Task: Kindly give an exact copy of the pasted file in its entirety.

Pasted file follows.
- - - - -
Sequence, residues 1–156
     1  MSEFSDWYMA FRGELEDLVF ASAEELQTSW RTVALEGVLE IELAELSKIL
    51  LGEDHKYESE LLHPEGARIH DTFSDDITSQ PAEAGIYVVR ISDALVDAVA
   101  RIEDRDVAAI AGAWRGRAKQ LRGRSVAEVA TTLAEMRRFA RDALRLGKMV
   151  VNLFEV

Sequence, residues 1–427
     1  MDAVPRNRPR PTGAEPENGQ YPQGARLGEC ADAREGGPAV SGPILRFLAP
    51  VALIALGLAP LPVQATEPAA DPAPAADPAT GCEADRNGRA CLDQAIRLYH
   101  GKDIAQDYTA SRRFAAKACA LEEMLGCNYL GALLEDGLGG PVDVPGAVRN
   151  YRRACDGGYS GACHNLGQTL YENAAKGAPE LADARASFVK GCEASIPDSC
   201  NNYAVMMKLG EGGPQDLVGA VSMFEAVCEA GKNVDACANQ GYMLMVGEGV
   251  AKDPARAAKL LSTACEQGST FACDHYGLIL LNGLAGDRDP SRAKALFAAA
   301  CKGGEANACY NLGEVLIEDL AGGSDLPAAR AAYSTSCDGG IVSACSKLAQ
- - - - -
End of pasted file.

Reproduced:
Sequence, residues 1–156
     1  MSEFSDWYMA FRGELEDLVF ASAEELQTSW RTVALEGVLE IELAELSKIL
    51  LGEDHKYESE LLHPEGARIH DTFSDDITSQ PAEAGIYVVR ISDALVDAVA
   101  RIEDRDVAAI AGAWRGRAKQ LRGRSVAEVA TTLAEMRRFA RDALRLGKMV
   151  VNLFEV

Sequence, residues 1–427
     1  MDAVPRNRPR PTGAEPENGQ YPQGARLGEC ADAREGGPAV SGPILRFLAP
    51  VALIALGLAP LPVQATEPAA DPAPAADPAT GCEADRNGRA CLDQAIRLYH
   101  GKDIAQDYTA SRRFAAKACA LEEMLGCNYL GALLEDGLGG PVDVPGAVRN
   151  YRRACDGGYS GACHNLGQTL YENAAKGAPE LADARASFVK GCEASIPDSC
   201  NNYAVMMKLG EGGPQDLVGA VSMFEAVCEA GKNVDACANQ GYMLMVGEGV
   251  AKDPARAAKL LSTACEQGST FACDHYGLIL LNGLAGDRDP SRAKALFAAA
   301  CKGGEANACY NLGEVLIEDL AGGSDLPAAR AAYSTSCDGG IVSACSKLAQ